Vietnam’s high GDP growth makes it an attractive market to watch, particularly given its relative success in curbing the COVID-19 pandemic.
Boston Consulting Group (BCG) just released a report about “Emerging Challengers and Incumbent Operators Battle for Asia Pacific’s Digital Banking Opportunity”, focusing on Potential markets for success in Southeast Asia and India; Planning a strategic path forward; Positive policies and infrastructure to facilitate banking sector modernization and some case studies.
According to BCG, the last decade has seen a remarkable proliferation of Digital Challenger Banks globally, with more than two-thirds of today’s 249 digital banking players established since 2010.
Despite this significant growth, it’s clear that the route to profitability remains challenging for these operators, with just 13—less than 5% of the total—achieving break-even to date.
The Asia Pacific region offers an encouraging outlook within this landscape. It is home to approximately 20% of Digital Challenger Banks as of the end of 2020. Many of these operators are relatively new emerging players, with more than 70% established between January 2016 and December 2020. More important still, of the 13 global players enjoying profitability, ten are based in the APAC region.
Southeast Asia and India now present a new emerging opportunity for potential Digital Challenger Banks. In Southeast Asia, Malaysia, Philippines, Indonesia, Vietnam, and Thailand all offer encouraging signs for the expansion of these operators in coming years, boasting positive market liberalization and attractive market demographics.
Vietnam digital banking market
Vietnam’s high GDP growth makes it an attractive market to watch, particularly given its relative success in curbing the COVID-19 pandemic. In the near term, the Central Bank (SBV) is not looking to provide separate digital banking licenses, but instead angling to issue regulatory documents which guide banks on how to launch specific products online.
This is one of the fastest growing economies, with extremely strong foreign direct investment inflow and high productivity growth. The banking sector is also expanding rapidly, and while cash is dominant currently, use of banking is expanding at a substantial pace, and more than 40% of the population is now banked. Bank cards are also seeing accelerating penetration, with more than 90 million active cards of various types in 2018, up from almost zero in 2001. A photographic national ID system was also recently put in place.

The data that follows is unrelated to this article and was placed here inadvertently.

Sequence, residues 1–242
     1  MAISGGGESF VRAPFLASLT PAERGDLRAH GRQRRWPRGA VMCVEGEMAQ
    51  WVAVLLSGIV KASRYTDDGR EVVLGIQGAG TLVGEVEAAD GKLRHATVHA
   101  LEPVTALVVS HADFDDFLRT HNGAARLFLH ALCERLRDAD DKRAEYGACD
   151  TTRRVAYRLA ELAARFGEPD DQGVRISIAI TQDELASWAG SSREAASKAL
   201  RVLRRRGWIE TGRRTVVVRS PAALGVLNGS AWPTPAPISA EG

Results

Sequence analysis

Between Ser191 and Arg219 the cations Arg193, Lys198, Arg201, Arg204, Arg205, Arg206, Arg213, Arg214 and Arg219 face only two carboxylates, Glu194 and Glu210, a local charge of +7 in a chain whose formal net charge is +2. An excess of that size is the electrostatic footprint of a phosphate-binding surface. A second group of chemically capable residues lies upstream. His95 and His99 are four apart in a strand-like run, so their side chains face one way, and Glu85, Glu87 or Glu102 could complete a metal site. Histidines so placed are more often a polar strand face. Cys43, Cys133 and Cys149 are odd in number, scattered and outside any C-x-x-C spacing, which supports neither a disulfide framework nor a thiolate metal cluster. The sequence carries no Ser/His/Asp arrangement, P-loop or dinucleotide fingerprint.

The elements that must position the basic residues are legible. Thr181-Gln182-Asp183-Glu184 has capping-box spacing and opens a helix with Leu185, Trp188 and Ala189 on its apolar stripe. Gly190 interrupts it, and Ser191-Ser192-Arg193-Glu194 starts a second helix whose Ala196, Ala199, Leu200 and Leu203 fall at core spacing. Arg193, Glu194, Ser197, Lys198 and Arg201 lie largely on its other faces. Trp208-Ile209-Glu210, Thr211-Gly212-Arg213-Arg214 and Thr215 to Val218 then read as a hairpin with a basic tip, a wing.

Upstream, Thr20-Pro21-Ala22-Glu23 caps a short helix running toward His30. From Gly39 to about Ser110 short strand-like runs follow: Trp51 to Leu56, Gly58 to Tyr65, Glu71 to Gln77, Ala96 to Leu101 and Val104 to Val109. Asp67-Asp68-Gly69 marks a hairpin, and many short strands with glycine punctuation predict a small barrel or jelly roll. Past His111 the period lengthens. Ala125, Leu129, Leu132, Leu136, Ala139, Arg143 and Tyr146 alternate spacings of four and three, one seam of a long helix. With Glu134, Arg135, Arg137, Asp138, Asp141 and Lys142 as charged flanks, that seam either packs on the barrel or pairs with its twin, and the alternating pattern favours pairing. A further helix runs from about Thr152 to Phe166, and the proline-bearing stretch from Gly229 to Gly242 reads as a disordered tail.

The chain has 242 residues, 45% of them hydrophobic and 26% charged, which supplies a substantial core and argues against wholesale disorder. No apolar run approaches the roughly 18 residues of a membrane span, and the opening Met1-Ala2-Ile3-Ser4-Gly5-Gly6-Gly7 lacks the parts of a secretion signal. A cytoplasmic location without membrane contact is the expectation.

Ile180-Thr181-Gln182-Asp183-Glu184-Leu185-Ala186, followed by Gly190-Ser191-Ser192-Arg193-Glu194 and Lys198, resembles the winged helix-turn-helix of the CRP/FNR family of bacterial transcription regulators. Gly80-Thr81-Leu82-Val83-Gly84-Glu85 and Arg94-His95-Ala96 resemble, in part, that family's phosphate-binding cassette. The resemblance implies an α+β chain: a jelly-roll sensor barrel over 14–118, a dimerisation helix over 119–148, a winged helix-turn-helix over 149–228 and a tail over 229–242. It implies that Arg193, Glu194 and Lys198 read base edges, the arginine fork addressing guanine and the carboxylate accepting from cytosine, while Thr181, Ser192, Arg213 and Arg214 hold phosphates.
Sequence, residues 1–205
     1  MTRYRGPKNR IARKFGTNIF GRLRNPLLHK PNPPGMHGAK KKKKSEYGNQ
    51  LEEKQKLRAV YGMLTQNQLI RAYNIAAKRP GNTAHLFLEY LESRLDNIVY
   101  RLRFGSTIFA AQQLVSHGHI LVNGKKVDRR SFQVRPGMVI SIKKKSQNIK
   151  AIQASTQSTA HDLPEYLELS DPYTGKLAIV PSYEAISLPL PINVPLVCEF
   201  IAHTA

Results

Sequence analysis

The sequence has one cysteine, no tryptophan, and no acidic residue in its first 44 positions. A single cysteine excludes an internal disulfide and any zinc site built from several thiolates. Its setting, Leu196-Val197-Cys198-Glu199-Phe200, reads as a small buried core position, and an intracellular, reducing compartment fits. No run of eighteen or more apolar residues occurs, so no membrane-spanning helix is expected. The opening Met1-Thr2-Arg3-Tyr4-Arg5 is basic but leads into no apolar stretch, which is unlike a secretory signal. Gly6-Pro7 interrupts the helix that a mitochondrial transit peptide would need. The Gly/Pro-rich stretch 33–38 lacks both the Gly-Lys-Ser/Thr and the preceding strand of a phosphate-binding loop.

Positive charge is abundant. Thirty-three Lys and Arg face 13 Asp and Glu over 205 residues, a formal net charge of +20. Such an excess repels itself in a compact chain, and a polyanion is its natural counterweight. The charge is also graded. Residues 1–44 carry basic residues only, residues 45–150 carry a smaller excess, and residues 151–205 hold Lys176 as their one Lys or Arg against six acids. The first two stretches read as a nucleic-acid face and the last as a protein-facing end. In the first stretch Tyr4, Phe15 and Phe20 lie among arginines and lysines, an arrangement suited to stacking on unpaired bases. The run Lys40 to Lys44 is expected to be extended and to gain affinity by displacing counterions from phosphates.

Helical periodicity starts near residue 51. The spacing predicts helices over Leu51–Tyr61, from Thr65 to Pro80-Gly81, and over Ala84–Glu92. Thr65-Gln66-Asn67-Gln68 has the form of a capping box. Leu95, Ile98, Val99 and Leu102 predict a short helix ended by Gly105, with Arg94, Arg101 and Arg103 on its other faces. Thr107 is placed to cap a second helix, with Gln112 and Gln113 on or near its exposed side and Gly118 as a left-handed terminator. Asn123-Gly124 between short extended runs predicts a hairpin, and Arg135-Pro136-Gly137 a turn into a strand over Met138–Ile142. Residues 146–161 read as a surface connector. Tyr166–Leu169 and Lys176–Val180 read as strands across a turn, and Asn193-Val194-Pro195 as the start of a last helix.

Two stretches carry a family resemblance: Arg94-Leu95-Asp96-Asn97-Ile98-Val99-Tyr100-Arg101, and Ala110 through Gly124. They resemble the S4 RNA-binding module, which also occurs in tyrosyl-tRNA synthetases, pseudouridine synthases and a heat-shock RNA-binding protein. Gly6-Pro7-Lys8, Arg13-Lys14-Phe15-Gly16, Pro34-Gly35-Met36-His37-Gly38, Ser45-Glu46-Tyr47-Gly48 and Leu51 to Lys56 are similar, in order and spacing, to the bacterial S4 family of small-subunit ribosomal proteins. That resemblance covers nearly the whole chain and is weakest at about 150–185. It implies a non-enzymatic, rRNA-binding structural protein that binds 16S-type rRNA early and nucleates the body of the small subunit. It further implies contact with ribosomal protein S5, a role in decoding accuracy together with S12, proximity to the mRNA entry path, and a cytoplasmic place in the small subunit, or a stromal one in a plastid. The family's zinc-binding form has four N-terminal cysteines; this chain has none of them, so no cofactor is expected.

The current banking landscape is fragmented, with many small players. It is likely industry consolidation will occur in future. Many banks are currently digitizing, but there is no clear dominant winner in the digital banking space yet identified. Incumbents are digitizing to maintain market share and competitiveness, but these efforts have not yet gained significant traction with consumers. (See Exhibit below.)
New banks are faced with minimum capital requirements and potential limitations on new licenses. Aggregate foreign ownership is capped at 30% for commercial banks (whether listed or unlisted). Shareholding in commercial banks is regulated such that:
- A strategic foreign investor may hold no more than 20%
- An institutional investor and its related persons may hold no more than 20%
- An institutional investor may hold no more than 15%.
- Foreign investors that are not financial institutions or that do not meet other capital requirements are limited to holding less than 10% of the shares in a commercial bank.
Prospective market entrants will have to identify the right model for success, recognizing the importance of leveraging and utilizing existing tangible assets (e.g., offline networks) and/or intangible assets (e.g., online customer access, knowledge and knowhow), building and scaling appropriately, and sustaining success with the right data-driven approach and models. With the right commitment, organizational structure, and strategy—supported by an enabling regulatory framework—both incumbent banking operators and non-financial institution players (e.g., tech players, fintechs, non-financial companies) could access opportunities from DCBs in APAC’s rapidly evolving financial landscape.
Read full BCG’s report here.